They pour into the art room after school each Tuesday and Thursday to play the game of kings and queens, knights, pawns and bishops. One after another, kids of all ages line up at the rows of desks to lay out their black and white pieces on checkered boards, readying themselves for battle. Their coach, a gregarious fellow named Roy Washington, 62, weaves his way through them, stopping here and there to examine their moves and give general and often one-on-one advice.
"Don't forget, once you touch your piece you have to move it," he announces to the Tuesday afternoon advanced club after showing them a new strategy: a two-move checkmate.
"That was a gift," he advises Chandler Tucker, 8, while watching a match that had Chandler's opponent, Evan St. Romain, 7, moving his white queen into a precarious position.
Chess is said to be the oldest game of skill, and judging by the number of kids who have signed up for the after-school club at Sanders Memorial Elementary, it still holds up quite well.
Now in its fourth year, the club boasts 134 active members and has a waiting list of 45.
Not bad. Especially when you consider the doubters who predicted that a chess club would never fly when Washington first offered to start one.
Even Washington, who works as an instructional assistant with exceptional students at Sanders, never expected it to be this popular.
"I thought I might get maybe a dozen kids or so," he said. "The first year I had maybe 30 to 40. The second year 60. The third 90. And this year we had so many we had to make a waiting list."
So what's the allure?
"I like the moving — the strategy," said Drew Hodorski, 7, as he faced off in a game against Kayla Orteo, 8.
Then there are the players such as Drew's older brother Josh, 11, who just like to win.
"I like taking other pieces," he said, flashing an easy grin.
And for some, it's simply the enjoyment of the game.
"I just wanted to try something new," said Jordan DeStefano, 11, noting that he placed second in the last school tournament. "It gives you time to relax after school and just have fun."
Washington has his own thoughts.
First, there's the competitive factor.
"The kids learn here, then go play with a friend somewhere else and beat them in three or four moves. Then that kid wants to learn to play," Washington said. "Once they pass a certain threshold of experience, they can't play with many people except for the other kids in the club."
Then there's the cost.
"The reason why it's so popular is because it's free," he said. "With most other chess clubs there are fees and memberships."
Then there's the fact that the game is appealing to kids of all ages.
"I can have a fifth-grader sit down with a first-grader who wipes them off the board," he said, chuckling. "I have kids in second grade that, after the first move, can tell you how many moves the game is going to last. Their parents don't even want to play with them.
"I start them out in kindergarten," Washington said. "I teach them the board, and then every week they learn one new piece. After 10 weeks they can play chess, and then from there on they learn strategy."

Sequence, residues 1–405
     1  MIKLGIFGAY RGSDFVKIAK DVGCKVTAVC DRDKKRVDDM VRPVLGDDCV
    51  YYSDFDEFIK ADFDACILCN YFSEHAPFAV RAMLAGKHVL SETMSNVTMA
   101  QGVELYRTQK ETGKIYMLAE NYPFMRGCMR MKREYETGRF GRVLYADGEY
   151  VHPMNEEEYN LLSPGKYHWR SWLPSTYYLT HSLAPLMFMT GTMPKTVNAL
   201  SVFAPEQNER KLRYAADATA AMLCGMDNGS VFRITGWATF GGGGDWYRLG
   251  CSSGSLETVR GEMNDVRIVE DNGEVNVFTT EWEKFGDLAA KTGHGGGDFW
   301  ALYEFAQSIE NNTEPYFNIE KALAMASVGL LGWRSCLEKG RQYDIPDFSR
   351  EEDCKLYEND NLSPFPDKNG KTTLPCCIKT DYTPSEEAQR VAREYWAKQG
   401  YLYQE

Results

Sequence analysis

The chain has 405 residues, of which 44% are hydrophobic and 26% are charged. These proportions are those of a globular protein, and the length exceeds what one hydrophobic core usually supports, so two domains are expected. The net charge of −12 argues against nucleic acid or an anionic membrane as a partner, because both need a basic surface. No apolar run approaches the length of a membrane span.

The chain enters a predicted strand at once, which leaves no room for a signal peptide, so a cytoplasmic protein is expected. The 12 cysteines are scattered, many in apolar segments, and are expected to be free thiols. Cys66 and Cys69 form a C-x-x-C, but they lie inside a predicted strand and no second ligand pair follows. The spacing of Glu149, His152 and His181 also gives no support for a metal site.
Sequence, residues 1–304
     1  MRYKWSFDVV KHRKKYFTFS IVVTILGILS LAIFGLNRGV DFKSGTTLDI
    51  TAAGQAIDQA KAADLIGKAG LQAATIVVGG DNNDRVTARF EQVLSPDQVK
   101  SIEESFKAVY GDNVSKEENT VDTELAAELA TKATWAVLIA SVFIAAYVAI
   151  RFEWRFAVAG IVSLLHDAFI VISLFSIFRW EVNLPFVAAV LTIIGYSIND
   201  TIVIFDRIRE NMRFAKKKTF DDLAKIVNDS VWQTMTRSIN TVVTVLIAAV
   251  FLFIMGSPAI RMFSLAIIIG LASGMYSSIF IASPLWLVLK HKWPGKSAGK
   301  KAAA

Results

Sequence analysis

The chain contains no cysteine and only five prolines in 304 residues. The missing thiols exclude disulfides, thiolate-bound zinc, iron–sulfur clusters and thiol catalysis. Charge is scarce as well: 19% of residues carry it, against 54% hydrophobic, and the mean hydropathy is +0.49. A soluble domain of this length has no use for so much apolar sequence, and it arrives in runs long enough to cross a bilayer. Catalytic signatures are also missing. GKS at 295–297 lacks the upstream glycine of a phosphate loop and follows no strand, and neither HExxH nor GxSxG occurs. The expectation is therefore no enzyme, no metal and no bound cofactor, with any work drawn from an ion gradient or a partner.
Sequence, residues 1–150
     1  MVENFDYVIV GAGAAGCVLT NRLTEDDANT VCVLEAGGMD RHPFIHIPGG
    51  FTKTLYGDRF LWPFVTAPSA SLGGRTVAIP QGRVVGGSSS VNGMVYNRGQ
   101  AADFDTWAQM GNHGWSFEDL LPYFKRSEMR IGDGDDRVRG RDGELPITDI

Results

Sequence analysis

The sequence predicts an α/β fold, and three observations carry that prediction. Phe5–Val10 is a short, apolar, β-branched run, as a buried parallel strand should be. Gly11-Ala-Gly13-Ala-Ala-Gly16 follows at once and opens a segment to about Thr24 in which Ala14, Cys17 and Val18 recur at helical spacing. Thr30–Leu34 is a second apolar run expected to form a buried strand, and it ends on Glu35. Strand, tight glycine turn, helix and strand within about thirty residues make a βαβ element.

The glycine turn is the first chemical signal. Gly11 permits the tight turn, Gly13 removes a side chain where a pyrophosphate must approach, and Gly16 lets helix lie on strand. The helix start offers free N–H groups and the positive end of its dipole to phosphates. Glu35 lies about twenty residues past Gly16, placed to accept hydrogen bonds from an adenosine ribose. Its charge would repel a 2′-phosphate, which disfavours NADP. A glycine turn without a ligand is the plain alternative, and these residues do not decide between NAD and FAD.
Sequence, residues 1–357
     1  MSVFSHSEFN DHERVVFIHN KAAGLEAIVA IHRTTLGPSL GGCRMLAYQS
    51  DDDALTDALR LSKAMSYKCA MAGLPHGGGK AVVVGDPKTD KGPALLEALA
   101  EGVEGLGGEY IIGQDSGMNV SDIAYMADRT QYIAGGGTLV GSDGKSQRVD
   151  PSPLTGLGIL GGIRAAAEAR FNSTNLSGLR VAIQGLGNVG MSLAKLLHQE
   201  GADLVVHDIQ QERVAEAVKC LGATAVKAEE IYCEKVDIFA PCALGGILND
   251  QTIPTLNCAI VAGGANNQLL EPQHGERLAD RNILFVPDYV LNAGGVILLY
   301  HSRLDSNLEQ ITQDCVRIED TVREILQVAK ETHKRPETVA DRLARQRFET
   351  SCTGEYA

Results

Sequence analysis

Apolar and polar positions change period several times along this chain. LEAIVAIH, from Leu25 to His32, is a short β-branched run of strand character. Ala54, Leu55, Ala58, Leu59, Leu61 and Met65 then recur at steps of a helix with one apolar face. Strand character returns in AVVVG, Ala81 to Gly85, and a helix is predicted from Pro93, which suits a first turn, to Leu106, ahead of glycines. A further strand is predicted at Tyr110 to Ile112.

Washington was about 5 or 6 years old and living in New York when his dad started teaching him how to play the game. "There wasn't a whole lot of activity in the chess world then," Washington said. "It really took off after Bobby Fischer won the World Chess Championship. By then I was a high-schooler and mostly into athletics."
Washington went on to become known as the "Father of tae kwon do" in the U.S. Virgin Islands. In 1988 he coached the Virgin Islands Olympic tae kwon do team in Seoul and also coached teams to five Pan American championships and four world tae kwon do championships.
Upon retiring and moving to West Palm Beach, Washington's interest in chess was reignited when his daughter asked him to help out with her school's chess team.
"We took that team to the state championships," he said.
After his daughter was grown and enlisted in the military, Washington moved to Florida's west coast, took the job at Sanders and made an offer his principal could not refuse: to start an after-school chess club.
"We jumped behind him with both feet," said principal Jill Middleton. "He does this all on his own time. He gets no funding, no extra pay for this. He's an amazing guy — he goes above and beyond. And he enjoys it."
Another added benefit, said Middleton, is the fact that the chess club's popularity has spurred others to start after-school Scrabble and technology clubs.
Washington has gotten some support and funding from the PTA and the school's Dads Club. That pays for chess boards, game pieces and trophies for in-house tournaments and those held at the Land O'Lakes Recreation Center.
"We've done very well," Washington said of the tournaments played against clubs from Oakstead, Pine View and Seven Oaks elementary schools. "In the three divisions we compete in, we always come in first or second. They see us coming and say, 'Oh no, Sanders is here.' "
But competition isn't the be-all, end-all. Washington notes that regardless of whether kids win, chess becomes a great educational enhancement.
"It helps develop math skills, strategies, thinking ability and problem-solving skills," he said.
"It's an amazing thing," Middleton said. "I really think that the students have learned a skill that will show up in other parts of their life. I think that's the best thing they have gotten from this — that strategy, that logical thinking."
Washington, too, says he gets something great out of it.
"Chess has always been my love, my hobby," he said. "And turning the kids on to it, well that's just the best thing."